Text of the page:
When it happened, it was more a whimper than a bang. The assist that notched Nikola Jokic Tuesday night’s triple-double went unmentioned for a few moments while the rest of a pressure-packed game against the Miami Heat was unfolding. When Denver announcer Chris Marlowe did circle back to the Joker’s feat, he also mentioned that it was the 20th of Jokic’s career. That’s a pretty big bang, and kudos to Marlowe for squeezing it in.

The bigger part of the bang in Jokic’s evening was getting to that 20th triple-double in his 267th game with the Denver Nuggets. As Zach Mikash so ably captured, it wasn’t the fastest in NBA history with the likes of Oscar Robertson and Magic Johnson having ascended to their top two all-time career spots very quickly, but Jokic became the third-youngest player to 20.

The biggest part of the bang was where it placed Jokic on that same all-time list. Or where I think it places him on that list, anyway. Unless addition deceives me, Nikola Jokic is now 20th (or 23rd, given four players at 19th) all time in career triple-doubles. His 20th put him in 20th. Or 23rd. At least his next will put him at 19th. Here’s a much clearer picture than the one I’m drawing, from this Wiki entry on basketball “Doubles”:

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Does Jokic’s third-youngest record mean he’ll eventually end up third on that list? Not necessarily, with Russell Westbrook looking as if he’ll pass Magic, and possibly even having Robertson in his sights. But what could it mean for the Joker over the course of his career?

Well, if Jokic can simply notch the same four triple-doubles in the second half of this season as he has in the first, he’d move to 17th on the list (or 18th, depending on how quickly Draymond Green keeps climbing). Should he keep up his current career pace, he’d probably find himself in the top 10 by the end of his seventh season.

One of the names often mentioned when trying to compare Jokic’s impact is Wilt Chamberlain, with 78 triple-doubles currently placing him fifth on the list above. 78 over Chamberlain’s 1,045 career games had him running at a 0.0746 triple-doubles per game clip. Nikola’s 20 over 267 games has him at 0.0749, basically identical to the Stilt’s pace. The averages are so similar at this point that Jokic’s razor-thin lead would still give him the exact same career total if expanded out to the same 1,045 games. Phenomenal.

But Chamberlain is not the only center on that list, is he? He’s simply the one far above all of the others. There simply aren’t many centers on the all-time (Top 19!) triple-double list, with arguably only Kareem Abdul-Jabbar (21 triple doubles) the other true center. Even if you add Green (22) and Chris Webber (21), Jokic looks to bypass those three rather handily by the time all is said and done.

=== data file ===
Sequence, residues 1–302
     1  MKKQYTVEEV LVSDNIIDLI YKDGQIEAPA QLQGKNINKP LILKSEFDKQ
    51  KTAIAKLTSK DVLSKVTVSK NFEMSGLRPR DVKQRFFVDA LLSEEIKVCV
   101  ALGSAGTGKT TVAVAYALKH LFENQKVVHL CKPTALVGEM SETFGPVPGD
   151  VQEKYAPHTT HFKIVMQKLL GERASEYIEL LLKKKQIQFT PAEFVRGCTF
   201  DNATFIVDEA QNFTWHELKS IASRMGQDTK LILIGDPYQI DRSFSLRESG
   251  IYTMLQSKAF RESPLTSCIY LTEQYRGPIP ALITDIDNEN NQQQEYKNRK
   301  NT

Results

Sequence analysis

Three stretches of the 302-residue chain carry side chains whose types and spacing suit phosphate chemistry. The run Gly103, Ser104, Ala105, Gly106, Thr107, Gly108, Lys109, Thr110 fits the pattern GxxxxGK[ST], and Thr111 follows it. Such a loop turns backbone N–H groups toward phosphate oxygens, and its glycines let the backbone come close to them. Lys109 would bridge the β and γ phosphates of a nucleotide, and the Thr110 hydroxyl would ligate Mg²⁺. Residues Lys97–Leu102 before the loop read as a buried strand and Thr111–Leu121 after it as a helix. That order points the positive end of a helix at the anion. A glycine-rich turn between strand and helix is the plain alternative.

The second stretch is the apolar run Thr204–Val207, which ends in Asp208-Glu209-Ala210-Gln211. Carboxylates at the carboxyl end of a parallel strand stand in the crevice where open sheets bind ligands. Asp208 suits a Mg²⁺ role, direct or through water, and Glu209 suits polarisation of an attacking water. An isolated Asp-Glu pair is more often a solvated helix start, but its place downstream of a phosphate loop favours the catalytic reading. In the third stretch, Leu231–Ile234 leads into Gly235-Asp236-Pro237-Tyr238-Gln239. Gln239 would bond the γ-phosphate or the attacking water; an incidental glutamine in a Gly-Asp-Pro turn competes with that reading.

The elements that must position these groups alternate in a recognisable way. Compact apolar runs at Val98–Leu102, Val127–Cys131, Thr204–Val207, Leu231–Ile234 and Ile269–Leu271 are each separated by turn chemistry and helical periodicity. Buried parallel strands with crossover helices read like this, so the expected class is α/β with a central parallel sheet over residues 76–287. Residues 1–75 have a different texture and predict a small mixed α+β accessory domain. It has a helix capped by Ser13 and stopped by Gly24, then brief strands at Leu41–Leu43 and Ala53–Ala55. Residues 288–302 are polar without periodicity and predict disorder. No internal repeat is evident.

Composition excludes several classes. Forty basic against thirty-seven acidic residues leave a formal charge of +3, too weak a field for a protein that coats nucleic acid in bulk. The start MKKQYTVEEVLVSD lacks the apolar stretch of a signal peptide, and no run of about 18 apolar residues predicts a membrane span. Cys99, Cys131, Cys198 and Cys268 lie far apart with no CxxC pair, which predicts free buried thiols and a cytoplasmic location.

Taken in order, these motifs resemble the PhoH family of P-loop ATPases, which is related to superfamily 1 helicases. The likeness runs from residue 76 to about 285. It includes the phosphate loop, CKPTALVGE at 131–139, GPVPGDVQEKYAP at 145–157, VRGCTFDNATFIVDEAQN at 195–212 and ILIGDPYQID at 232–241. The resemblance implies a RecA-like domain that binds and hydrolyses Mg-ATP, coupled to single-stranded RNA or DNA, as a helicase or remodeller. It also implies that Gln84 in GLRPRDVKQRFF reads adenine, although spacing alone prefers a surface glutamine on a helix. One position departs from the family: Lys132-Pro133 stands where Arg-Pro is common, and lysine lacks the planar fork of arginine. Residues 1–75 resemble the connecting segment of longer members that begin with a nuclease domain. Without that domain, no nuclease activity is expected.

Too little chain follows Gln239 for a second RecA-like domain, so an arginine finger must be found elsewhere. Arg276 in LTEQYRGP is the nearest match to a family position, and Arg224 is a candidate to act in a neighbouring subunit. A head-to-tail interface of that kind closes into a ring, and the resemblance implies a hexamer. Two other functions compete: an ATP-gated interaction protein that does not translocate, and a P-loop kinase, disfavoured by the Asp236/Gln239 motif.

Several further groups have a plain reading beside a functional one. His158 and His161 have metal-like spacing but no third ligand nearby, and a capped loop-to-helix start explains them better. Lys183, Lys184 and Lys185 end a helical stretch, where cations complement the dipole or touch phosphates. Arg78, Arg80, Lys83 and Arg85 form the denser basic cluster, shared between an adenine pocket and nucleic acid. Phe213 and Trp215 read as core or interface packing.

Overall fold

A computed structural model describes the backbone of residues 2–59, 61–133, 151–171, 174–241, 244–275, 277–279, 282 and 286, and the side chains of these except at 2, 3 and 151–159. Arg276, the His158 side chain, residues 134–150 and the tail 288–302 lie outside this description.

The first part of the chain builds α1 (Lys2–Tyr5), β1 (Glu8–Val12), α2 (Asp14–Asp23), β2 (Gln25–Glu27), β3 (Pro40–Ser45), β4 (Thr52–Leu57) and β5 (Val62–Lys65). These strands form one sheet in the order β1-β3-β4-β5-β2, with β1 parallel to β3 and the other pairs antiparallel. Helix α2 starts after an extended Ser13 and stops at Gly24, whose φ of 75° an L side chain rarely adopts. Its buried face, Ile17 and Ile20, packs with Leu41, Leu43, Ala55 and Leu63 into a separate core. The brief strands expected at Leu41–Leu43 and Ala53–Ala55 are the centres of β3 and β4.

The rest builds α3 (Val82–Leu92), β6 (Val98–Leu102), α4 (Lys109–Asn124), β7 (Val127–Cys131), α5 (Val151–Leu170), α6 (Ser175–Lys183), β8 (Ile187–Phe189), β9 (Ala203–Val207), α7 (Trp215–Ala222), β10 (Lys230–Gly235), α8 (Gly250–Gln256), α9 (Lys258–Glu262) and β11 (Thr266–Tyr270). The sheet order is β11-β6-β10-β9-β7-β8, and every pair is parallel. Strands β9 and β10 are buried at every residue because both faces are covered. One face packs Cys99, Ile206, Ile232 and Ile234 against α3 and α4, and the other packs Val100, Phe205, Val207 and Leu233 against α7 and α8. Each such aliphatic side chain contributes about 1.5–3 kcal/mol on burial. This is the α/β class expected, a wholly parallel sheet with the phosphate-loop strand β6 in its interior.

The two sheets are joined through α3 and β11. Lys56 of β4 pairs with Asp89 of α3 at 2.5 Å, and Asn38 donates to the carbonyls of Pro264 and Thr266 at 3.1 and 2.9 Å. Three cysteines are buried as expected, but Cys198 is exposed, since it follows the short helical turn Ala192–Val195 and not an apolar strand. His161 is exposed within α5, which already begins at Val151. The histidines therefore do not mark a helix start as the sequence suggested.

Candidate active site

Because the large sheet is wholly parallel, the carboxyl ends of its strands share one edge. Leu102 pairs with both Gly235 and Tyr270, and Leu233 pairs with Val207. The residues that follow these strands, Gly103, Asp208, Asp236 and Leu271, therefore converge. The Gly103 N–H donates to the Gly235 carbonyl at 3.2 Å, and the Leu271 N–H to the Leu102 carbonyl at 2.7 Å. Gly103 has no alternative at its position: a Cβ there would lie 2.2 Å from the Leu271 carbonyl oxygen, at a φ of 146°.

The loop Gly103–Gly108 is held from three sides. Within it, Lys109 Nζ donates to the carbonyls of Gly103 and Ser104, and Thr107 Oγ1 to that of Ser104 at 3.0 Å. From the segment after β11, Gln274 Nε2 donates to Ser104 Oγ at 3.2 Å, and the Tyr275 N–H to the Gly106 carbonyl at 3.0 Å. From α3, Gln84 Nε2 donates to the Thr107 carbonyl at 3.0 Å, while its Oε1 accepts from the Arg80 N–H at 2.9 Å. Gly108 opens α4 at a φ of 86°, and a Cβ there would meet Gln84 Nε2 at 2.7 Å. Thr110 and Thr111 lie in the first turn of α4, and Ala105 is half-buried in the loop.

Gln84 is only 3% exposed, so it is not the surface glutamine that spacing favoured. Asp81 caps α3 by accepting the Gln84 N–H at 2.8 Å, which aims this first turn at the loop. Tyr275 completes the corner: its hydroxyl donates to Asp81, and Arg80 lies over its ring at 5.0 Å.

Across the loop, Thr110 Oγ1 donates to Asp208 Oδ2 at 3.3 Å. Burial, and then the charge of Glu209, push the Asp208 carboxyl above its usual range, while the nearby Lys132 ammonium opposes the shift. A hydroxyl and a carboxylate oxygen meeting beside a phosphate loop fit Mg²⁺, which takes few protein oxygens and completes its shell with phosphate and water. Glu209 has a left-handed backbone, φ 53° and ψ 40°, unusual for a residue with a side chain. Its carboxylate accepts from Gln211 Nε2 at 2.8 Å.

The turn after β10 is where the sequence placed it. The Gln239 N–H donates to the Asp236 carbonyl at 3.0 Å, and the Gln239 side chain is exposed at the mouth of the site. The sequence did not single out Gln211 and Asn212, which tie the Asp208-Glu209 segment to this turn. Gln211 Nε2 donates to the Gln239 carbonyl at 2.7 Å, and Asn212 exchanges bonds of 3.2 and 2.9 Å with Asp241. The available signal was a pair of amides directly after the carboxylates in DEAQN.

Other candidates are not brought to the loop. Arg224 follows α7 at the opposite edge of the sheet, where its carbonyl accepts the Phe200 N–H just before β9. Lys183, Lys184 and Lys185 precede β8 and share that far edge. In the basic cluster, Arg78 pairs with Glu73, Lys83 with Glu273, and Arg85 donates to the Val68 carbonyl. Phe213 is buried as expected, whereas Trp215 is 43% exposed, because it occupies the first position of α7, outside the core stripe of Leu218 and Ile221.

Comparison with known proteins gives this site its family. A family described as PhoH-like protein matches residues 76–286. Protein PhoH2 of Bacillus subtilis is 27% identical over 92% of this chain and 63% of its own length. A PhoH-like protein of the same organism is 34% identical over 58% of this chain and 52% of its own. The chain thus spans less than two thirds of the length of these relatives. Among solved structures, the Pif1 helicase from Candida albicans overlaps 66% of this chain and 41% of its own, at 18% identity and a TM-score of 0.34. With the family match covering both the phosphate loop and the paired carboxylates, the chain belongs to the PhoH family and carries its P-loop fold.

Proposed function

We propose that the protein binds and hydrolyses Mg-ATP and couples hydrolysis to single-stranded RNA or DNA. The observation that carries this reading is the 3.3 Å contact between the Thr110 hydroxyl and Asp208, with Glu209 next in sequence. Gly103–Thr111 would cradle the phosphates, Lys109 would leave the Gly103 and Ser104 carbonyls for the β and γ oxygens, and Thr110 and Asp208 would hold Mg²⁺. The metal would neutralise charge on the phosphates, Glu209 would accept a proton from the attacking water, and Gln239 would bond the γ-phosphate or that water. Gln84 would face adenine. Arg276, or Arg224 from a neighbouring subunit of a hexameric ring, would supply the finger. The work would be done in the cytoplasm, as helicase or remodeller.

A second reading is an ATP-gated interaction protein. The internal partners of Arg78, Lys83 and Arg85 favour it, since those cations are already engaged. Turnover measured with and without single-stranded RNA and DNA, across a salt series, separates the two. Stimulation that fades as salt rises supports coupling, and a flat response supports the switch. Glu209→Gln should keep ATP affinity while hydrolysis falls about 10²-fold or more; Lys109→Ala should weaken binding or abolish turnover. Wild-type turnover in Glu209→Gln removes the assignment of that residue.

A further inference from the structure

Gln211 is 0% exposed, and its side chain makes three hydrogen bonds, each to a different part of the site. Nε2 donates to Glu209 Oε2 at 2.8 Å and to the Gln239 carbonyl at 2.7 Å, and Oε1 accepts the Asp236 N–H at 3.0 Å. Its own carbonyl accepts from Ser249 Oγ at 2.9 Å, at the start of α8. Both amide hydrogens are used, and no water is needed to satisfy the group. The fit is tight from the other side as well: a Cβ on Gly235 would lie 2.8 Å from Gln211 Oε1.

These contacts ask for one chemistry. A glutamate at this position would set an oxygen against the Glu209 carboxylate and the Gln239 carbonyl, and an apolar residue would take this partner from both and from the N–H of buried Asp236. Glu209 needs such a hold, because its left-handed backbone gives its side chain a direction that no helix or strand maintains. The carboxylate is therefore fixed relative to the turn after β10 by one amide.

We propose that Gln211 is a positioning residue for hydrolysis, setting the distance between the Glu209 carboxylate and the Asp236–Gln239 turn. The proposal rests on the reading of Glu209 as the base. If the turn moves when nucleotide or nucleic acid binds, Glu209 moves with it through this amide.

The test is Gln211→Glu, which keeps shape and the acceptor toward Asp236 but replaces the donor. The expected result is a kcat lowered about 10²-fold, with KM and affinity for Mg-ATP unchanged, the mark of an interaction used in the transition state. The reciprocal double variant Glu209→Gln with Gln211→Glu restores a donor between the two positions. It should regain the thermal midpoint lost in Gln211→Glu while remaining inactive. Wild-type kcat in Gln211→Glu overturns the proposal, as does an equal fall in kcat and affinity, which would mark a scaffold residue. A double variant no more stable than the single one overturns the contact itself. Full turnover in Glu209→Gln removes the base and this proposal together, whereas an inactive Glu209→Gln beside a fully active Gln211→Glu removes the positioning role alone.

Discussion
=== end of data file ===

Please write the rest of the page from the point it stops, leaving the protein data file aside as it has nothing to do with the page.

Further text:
Where centers and big men actually end up typically dominating all-time lists is in the games played category, with names like Robert Parrish (#1 at 1,611 games played), Abdul-Jabbar (1560), Dirk Nowitzki (1,482 and counting), Kevin Garnett (1,462), Kevin Willis (1,424), and Tim Duncan (1,392) occupy six of the top ten spots all-time. Chamberlain’s 1,045 is actually far down that list, at 103rd place.

Should Jokic end up enjoying a career as long as Duncan’s, his current pace would put him solidly in fifth with 104 triple-doubles. Go as long as Willis? 107, and tied with Jason Kidd for fourth. Catch up to Garnett’s career games? 110. Nowitzki bumps you to 111.

What about Kareem? He’s actually on that triple-double list, though Jokic should easily pass him this season. If the Joker’s career is as long as Jabbar’s, he’d get to 117 triple doubles at this pace. Should Jokic even catch Parrish’s 1,611 games, at his current rate, he’ll make it to 121 career triple doubles, 17 shy of Magic, whose 138 will ostensibly have him in third at that point. Arguably, Jokic could easily make up that gap if his pace continues to quicken as his game matures. When you think about how often he’s a point, rebound, or assist shy of a triple-double over his career, it won’t take much of an improvement to pick up the pace.

Worst case, after his 20th triple-double, Nikola Jokic looks to be close to a lock to be in the top ten all-time in the category by the time all is said and done. With a little luck, he might find himself in the top five, or even the lofty heights of the top three. Even from his current 20th (23rd) slot, he’s proven himself to be quite a sight.

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